Eternal Plight France in Search of a New Africa Policy

By Andreas Mehler

Part 3: France's Unilateralism


It is not only in security policy that France seems to play the European card only when it believes it can control the process. An important secondary element has always been the European “burden-sharing” of costly engagements. So far this has had little to do with the transfer of real power. One of the problems facing German-French relations is that, on the west side of the Rhine actions are rarely grounded in values. The Africans responsible for grave human rights abuses find considerably more sympathy in France than elsewhere in Europe. This has been true for some time of the leadership of Sudan, and it also appears to be true of Zimbabwe. It would be helpful if France would just once join initiatives sponsored by other EU member states.11

Even so, there are experts in both France and Germany who see an extensive Europeanization of Africa policy as problematic. For one, shifting responsibility to Brussels could remove Africa policy from the scrutiny of a critical public. EU member state governments can be held to account more easily at home than at the EU level (even though the French president has tremendous foreign policy powers compared to a powerless parliament). There are fears in Germany that transferring responsibility for Africa policy to the European Union might serve to conceal France’s post-colonial endeavors (as well as those of Portugal, Belgium, and Great Britain). At the same time, there is no denying that it is often difficult to motivate EU member states to shoulder responsibility in Africa.

Shying away from responsibility has seldom been a problem in the case of France. A more problematic point is its difficult ties to the African Union, exemplified by the strained relationship between Chirac and Alpha Oumar Konaré, president of the AU Commission. The initiative to resolve the Darfur crisis, launched by the new foreign minister Bernard Kouchner, was initially not discussed with the African Union, which has troops stationed in the region. As a result, the Paris Darfur Conference on June 25 turned into a diplomatic disaster. In the end, a joint diplomatic solution was found elsewhere. The related UN resolution, which was jointly introduced by France, Great Britain, and the United States, cleverly took up French initiatives by integrating the AU mission into a joint UN-AU operation. But France continued to try to carry out its own plan to secure the border zones between Sudan, Chad and the Central African Republic. Despite unanimous backing in the UN Security Council for a 4,000-man force in September 2007, this plan did not make many friends. NGOs openly questioned whether a troop dominated by France could be regarded as neutral in its former colonies and it was only with great difficulty that approximately 3,500 troops were raised in the European Union by mid-January 2008 for the mission, including 2,100 from France itself. This caused a considerable delay of the mission that should have started in November 2007.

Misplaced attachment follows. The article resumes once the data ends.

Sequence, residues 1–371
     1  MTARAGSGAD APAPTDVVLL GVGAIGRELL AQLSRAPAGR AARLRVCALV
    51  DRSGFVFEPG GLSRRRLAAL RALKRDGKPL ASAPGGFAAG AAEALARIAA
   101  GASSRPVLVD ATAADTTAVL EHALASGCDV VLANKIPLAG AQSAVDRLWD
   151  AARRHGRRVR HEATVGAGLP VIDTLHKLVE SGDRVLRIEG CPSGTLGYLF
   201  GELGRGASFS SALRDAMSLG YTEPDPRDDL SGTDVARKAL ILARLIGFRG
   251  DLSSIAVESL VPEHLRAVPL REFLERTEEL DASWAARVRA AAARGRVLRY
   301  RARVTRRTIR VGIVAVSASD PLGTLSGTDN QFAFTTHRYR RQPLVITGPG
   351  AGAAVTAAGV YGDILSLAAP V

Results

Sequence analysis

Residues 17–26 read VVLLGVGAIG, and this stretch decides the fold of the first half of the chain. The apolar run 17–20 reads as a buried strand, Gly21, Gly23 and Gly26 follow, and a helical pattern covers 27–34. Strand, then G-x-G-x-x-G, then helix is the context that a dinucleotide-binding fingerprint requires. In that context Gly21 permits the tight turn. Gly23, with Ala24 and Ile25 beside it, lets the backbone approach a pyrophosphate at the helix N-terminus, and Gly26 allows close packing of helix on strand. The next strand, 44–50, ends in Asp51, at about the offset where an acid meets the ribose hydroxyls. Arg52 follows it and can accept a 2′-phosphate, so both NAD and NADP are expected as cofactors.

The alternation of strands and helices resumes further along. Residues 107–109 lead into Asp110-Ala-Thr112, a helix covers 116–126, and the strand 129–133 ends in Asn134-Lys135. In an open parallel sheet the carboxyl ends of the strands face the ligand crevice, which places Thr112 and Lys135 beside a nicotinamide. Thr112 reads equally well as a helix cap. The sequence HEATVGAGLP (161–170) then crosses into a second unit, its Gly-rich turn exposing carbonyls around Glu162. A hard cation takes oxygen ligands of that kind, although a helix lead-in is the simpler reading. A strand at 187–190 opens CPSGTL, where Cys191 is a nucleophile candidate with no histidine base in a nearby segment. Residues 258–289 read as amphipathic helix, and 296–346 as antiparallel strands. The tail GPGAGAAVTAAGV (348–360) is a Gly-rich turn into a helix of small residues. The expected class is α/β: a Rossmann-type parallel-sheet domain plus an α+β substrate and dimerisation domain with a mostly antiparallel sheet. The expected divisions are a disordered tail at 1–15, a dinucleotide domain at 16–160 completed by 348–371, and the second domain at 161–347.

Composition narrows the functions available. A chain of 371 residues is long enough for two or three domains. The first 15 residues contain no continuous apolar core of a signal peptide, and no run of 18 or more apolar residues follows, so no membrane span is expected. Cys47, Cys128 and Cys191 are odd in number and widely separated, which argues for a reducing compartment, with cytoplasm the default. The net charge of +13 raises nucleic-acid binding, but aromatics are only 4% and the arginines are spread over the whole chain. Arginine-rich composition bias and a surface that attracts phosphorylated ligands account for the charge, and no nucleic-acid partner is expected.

France’s use of influence in this way to create a multilateral fig leaf for its old politics of interest promotion will presumably continue in the future. The reason is that nobody in the European Union wishes to openly oppose la Grande Nation on Africa. However, given Sarkozy’s surprising offers to Libya’s leader Muammar el-Qaddafi -- ranging from nuclear technology to arms deliveries -- it is unlikely that the European Union will be spared more such problematic French ventures in Africa in the future.

Behind-the-Scenes Dealings?

The phenomenon of Françafrique -- the exploitation of close ties between African and French elites to create discrete agreements in their mutual interest -- has strongly influenced discussions in France and Germany. Further, European decision-makers often lament that it is nearly impossible to establish a stronger economic and political presence in francophone Africa. For decades, French officials enjoyed declaring that France’s chasse gardée includes nearly half the continent. However, aggressive Chinese companies have now managed to get a foothold in Africa, even in its francophone states. After Sarkozy attempted to downplay Africa’s economic significance to the country (“In economic terms, we don’t need Africa”),12 the journal Jeune Afrique did its own research, which revealed the continents growing importance for French foreign trade: in 2005, Africa (including its northern states) accounted for 5.1 percent of foreign commerce. Since France has a positive balance of trade with Africa, this data does not look all that bad. For a few major companies such as Bolloré or Peugeot, Africa represents over 20 percent of all foreign business. The Accor hotel group, the Castel breweries, the energy company Vivendi, and telecommunication giants like Alcatel and France Télécom all do brisk business on the continent, and would be hard hit if it declined.13 Alongside Ivory Coast and Cameroon, countries beyond the boundaries of the French pré-carré, or exclusive domain—including South Africa, Angola, and Nigeria—are among France’s most important partners south of the Sahara. This means that France has solid economic interests in Africa, even if these are not comparable to those on other continents.